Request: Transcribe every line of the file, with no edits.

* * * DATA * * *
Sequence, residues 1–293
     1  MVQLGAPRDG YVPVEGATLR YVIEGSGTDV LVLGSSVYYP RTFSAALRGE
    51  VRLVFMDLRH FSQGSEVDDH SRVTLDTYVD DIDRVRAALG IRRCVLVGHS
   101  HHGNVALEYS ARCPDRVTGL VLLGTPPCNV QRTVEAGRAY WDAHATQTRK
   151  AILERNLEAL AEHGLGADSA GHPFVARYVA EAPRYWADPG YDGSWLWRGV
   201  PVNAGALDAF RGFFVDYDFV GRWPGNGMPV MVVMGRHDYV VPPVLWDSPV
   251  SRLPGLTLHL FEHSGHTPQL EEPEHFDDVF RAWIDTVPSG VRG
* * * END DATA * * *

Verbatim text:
Sequence, residues 1–293
     1  MVQLGAPRDG YVPVEGATLR YVIEGSGTDV LVLGSSVYYP RTFSAALRGE
    51  VRLVFMDLRH FSQGSEVDDH SRVTLDTYVD DIDRVRAALG IRRCVLVGHS
   101  HHGNVALEYS ARCPDRVTGL VLLGTPPCNV QRTVEAGRAY WDAHATQTRK
   151  AILERNLEAL AEHGLGADSA GHPFVARYVA EAPRYWADPG YDGSWLWRGV
   201  PVNAGALDAF RGFFVDYDFV GRWPGNGMPV MVVMGRHDYV VPPVLWDSPV
   251  SRLPGLTLHL FEHSGHTPQL EEPEHFDDVF RAWIDTVPSG VRG